Organize your email list.

I've had emails on the brain because I'm designing a brand-new service that I'll begin offering this fall all about email marketing. Organizing your list doesn't have to be overwhelming. Start by exporting all of your emails into Excel and making sure you have as much data on each person as you can. Things like first name, last name, and category are the most important (think donor, volunteer, etc.). Once you have the list organized, you can begin to group your people into meaningful segments that can be communicated with in very unique ways. I recommend using a product like MailChimp to create one master list and then using the grouping tool they offer to avoid sending duplicate emails. Seem too complicated? At least get them organized and then check back with me in the fall to see if I can help you with the rest! 

Refresh your website.

Have you taken some time to review your website lately? Have you checked on your analytics to see what your traffic numbers look like? Are your forms converting? Are people shopping on your site? What is your bounce rate? Take some time to dive into the data and then make adjustments to your website that align with your goals. Swap out photos. Check all the links. Spending even just an hour or two to update your site will go a long way!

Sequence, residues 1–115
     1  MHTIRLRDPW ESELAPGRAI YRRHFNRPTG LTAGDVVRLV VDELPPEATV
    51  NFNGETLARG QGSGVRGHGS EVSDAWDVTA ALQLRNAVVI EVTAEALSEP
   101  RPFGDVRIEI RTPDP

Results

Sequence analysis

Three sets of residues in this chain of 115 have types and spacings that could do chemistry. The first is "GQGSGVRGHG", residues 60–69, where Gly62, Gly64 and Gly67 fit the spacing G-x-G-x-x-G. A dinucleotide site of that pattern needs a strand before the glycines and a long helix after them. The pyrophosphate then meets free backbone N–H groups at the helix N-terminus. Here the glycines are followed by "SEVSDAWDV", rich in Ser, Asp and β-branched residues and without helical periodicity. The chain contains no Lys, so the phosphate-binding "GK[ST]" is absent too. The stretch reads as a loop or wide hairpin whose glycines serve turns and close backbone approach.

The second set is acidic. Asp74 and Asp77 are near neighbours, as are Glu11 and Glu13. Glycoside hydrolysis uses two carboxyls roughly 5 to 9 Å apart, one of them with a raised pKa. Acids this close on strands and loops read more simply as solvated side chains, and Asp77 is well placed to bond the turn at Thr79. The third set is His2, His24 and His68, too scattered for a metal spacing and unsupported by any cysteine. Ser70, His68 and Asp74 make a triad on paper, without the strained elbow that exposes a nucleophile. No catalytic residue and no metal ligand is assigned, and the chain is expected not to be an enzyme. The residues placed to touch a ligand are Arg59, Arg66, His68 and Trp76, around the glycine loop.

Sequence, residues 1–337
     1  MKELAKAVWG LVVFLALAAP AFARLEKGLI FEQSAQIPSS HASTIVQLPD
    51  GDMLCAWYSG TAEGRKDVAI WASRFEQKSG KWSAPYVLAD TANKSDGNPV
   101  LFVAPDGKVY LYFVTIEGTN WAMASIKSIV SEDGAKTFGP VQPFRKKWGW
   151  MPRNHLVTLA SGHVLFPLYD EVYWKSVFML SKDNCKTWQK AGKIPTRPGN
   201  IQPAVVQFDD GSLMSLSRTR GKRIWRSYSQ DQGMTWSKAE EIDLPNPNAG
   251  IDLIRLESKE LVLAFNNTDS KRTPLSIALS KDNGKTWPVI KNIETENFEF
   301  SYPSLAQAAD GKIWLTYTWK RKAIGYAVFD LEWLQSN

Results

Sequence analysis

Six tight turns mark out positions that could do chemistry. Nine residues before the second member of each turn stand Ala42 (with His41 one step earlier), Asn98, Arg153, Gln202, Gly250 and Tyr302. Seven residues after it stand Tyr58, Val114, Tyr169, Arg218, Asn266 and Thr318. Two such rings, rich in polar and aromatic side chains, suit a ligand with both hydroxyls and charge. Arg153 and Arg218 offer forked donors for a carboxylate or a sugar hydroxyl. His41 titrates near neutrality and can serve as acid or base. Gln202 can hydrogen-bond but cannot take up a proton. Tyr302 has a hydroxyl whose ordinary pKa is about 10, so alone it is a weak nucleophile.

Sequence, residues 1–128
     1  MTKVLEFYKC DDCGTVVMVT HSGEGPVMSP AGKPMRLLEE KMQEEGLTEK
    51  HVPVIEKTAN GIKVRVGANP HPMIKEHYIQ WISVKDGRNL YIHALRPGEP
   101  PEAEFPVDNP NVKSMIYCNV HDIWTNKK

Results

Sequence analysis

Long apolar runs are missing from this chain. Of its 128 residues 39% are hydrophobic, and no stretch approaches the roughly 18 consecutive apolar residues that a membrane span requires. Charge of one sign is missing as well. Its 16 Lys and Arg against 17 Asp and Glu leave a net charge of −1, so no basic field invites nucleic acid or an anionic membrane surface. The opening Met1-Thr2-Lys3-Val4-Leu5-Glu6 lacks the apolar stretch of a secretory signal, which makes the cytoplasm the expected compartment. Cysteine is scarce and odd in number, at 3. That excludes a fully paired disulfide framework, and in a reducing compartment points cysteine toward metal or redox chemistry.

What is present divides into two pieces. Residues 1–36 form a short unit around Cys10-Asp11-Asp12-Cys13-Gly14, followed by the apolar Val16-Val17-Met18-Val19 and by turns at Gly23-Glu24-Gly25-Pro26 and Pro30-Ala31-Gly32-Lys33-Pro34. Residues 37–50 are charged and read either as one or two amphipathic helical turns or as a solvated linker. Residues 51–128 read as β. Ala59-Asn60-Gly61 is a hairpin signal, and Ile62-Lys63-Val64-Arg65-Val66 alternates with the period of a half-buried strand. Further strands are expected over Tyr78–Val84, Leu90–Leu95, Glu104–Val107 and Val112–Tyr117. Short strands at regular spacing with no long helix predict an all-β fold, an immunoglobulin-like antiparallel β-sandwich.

Stock up on content.

Take advantage of volunteers who might have a little extra time to give this summer and put them to work on gathering content for newsletters, websites, social media, and any other project for which you're going to need words. Give them a framework for how to reach out to donors, volunteers, event attendees, members, customers, etc. and ask them to gather testimonials. People love stories and using stories in your marketing plan is one of the best ways to engage readers. Adapt longer stories to short snippets that can be used on social media. Add a testimonial or two to your website (as part of the refresh!), and stock up another few stories for that fall e-newsletter. 

When you tackle one or all of these projects, you'll be making your life easier down the road. Pick one and dive in. So tell me...which one will it be?